History Guild General History Quiz 88
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The stories behind the questions
1. In what year was Napoleon defeated at Waterloo?
1815 – Waterloo was the decisive engagement of the ‘Hundred days’ that saw Napoleon return from exile and reform his armies. According to Wellington, the British commander, the battle was “the nearest-run thing you ever saw in your life”. Napoleon abdicated four days later and this was the end of the Napoleonic wars.
2. Which German officer lead the Africa Korps during WW2?
Erwin Rommel – With a storied career that included success as an infantry officer in the Italian alps during WW1, as an interwar author and as tank officer in the Battle of France Rommel was well known to both sides during WW2. He was ordered to form the Deutsches Afrikakorps in order to salvage the Axis position in North Africa after the collapse of the Italian forces there.
3. Which of these conflicts involved two US allies fighting against each other?
The Falklands War – The United States did everything possible to avoid war and having to choose between key allies. The United States had a longstanding alliance with Britain, but by 1982 the right-wing junta in Argentina had become a key cold war ally in Latin America. Britain had expected resolute support from Reagan in retaking the islands by force. Instead what they got was studied neutrality. “We are friends with both countries,” the president breezily remarked, “was it really worth going to war?”. Margaret Thatcher was incensed, asking Regan “What would the United States do if Alaska were invaded?”.
4. Who was the last English Monarch to be killed in Battle?
Richard III – He was the last king of the House of York and the last of the Plantagenet dynasty. He was defeated and killed at the Battle of Bosworth Field, the last decisive battle of the Wars of the Roses.
5. Which country has been ruled by a single Royal family for the longest un-interupted period?
Japan – The Japanese monarchy is the oldest continuous hereditary monarchy in the world. The Imperial House recognizes 126 monarchs, beginning with the legendary Emperor Jimmu, traditionally dated to 11 February 660 BC, and continuing up to the current emperor, Naruhito.
6. Who was the second President of the United States of America?
John Adams – John Adams was an American statesman, attorney, diplomat, writer, and Founding Father who was the second president of the United States, serving from 1797 to 1801. He is also one of the two sets of Father-Son presidents of the USA, his son John Quincy Adams was the sixth president of the United States, from 1825 to 1829.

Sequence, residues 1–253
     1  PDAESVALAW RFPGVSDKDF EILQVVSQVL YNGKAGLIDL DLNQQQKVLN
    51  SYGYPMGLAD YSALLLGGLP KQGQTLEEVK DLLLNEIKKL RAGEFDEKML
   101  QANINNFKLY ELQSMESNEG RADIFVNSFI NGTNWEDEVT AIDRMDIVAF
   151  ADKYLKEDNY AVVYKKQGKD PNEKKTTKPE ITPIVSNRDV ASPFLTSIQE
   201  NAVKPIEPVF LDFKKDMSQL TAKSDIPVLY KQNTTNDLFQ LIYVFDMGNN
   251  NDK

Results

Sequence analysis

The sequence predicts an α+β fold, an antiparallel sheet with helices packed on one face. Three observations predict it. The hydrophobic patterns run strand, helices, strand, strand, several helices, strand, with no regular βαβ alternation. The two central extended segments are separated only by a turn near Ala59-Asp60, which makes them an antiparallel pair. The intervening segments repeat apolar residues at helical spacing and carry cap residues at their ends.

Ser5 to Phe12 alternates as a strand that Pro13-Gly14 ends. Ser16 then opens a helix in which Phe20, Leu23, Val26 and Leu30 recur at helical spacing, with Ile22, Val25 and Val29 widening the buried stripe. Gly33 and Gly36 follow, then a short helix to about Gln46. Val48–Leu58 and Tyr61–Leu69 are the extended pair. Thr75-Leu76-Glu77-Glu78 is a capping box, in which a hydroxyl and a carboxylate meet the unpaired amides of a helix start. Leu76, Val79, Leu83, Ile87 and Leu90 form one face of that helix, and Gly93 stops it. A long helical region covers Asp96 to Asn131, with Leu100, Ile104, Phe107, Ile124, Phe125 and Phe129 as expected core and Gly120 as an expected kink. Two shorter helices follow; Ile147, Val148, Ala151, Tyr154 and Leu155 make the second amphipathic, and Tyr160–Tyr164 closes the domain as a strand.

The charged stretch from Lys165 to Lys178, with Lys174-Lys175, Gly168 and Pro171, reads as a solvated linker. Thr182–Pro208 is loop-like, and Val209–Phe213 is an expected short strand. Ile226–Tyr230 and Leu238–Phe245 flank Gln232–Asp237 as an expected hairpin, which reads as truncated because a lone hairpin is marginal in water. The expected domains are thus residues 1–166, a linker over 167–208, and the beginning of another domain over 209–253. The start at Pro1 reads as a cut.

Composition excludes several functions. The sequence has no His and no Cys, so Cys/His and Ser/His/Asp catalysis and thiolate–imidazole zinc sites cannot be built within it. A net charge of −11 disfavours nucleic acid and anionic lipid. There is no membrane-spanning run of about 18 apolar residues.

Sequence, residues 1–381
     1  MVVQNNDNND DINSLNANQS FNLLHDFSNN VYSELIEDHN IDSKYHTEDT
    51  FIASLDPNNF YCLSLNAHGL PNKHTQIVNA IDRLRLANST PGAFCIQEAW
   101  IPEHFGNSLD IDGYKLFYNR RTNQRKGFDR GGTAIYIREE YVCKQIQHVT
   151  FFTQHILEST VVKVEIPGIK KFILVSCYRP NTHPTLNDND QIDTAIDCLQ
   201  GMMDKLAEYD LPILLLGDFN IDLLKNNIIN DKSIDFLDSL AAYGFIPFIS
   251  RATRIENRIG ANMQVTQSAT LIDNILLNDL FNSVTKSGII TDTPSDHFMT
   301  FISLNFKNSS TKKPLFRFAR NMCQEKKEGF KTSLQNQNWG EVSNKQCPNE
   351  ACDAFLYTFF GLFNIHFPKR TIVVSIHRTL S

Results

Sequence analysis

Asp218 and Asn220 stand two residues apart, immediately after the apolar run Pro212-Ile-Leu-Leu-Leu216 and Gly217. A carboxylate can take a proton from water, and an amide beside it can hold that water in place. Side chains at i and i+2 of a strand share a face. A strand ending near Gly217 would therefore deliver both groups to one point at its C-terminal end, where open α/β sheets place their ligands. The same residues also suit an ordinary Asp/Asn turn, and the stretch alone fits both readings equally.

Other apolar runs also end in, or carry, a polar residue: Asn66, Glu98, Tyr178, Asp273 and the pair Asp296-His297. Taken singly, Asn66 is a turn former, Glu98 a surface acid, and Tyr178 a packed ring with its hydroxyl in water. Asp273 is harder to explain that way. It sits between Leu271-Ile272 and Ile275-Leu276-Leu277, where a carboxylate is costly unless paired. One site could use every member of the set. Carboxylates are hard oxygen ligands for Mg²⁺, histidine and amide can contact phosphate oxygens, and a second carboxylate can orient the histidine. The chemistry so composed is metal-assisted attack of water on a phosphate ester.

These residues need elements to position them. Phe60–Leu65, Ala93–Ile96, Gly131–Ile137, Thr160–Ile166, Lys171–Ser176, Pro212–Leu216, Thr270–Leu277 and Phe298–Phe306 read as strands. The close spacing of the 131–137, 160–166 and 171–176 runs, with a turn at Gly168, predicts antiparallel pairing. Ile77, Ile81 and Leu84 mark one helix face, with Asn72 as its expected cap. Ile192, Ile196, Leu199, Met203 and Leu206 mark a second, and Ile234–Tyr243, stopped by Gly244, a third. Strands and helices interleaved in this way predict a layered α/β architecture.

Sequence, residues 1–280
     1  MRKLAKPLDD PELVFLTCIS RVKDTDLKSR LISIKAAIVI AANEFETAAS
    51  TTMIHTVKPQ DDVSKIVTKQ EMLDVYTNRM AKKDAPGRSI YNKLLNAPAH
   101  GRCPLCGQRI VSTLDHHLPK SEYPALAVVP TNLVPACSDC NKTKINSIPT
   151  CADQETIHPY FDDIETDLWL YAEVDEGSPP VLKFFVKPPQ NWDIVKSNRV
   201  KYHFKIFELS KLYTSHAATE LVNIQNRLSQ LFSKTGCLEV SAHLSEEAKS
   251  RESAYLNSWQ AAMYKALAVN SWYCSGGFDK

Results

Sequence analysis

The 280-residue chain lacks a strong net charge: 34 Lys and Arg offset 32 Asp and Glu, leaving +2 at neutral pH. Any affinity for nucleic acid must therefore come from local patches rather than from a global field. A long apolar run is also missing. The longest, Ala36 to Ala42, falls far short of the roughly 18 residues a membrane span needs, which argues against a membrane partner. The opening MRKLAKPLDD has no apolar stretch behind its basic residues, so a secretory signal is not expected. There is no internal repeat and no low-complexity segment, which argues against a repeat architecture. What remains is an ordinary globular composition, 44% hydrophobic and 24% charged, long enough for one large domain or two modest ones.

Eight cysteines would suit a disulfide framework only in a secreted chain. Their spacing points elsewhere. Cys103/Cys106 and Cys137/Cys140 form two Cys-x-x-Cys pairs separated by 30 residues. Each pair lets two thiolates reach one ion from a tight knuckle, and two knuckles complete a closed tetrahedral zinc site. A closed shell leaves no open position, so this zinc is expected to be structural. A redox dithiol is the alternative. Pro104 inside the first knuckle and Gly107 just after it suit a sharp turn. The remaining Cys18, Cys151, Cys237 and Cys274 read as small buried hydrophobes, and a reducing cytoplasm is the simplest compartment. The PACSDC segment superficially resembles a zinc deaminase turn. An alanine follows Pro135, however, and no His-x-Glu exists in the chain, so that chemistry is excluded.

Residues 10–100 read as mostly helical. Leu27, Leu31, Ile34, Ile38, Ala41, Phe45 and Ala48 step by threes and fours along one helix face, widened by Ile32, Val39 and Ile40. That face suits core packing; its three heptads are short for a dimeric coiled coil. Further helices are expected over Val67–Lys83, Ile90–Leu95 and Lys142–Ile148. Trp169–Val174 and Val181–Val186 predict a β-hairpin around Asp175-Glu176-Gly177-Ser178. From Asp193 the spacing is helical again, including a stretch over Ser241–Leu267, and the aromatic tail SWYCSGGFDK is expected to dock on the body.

7. Which Kurdish leader, born in Tikrit, united Muslim forces against the crusaders in the 12th century?
Saladin – Saladin led the Muslim military campaign against the Crusader states in the Levant. Under Saladin’s command, the Ayyubid army defeated the Crusaders at the decisive Battle of Hattin in 1187, and thereafter wrested control of Palestine—including the city of Jerusalem—from the Crusaders, who had conquered the area 88 years earlier.
8. Who was the American president during the ‘Black Thursday’ Wall Street crash?
Herbert Hoover – The Wall Street Crash of 1929, also known as Black Thursday, was a major American stock market crash that occurred in the autumn of 1929. This day saw the largest sell-off of shares in U.S. history. Hoover pursued a variety of policies in an attempt to lift the economy after this crash, but opposed directly involving the federal government in relief efforts.
9. Who was the first person of colour to be elected Vice President of the USA?
Charles Curtis – Charles Curtis was an American attorney and Republican politician from Kansas who served as the 31st vice president of the United States from 1929 to 1933 under Herbert Hoover. Curtis was descended from the Kaw, Osage and Potawatomi Nations and was deeply integrated in Kaw culture, speaking Kansa (the Kaw dialect) as his first language.
Curtis was in favour of integration between European Americans and Native Americans and sponsored legislation that extinguished the legal authority of Native American Nations and divided their land amongst the individual members of the Nations. He personally received 1,625 acres of Kaw land near Washunga in Oklahoma in this process.
Charles Curtis, Kamala Harris and Barack Obama makes up the 3% of the US presidents and vice presidents who are people of colour. This is despite the fact that people of colour make up 40% of the US population.
10. What is the Hiawatha Belt?
The document recording the union of the Iroquois Confederacy – the Hiawatha Belt is a visual record of the creation of the League of the Haudenosaunee, also known as the Six Nations or Iroquois. The belt is named after Hiawatha, an Onondaga who was the Peacemaker’s helper in spreading the good words of Peace. In this belt, it records when five warring nations; the Seneca, Cayuga, Onondaga, Oneida, and Mohawk, buried their weapons of war to live in peace. Read more about the Changing Relationship between the US Government and Native Americans.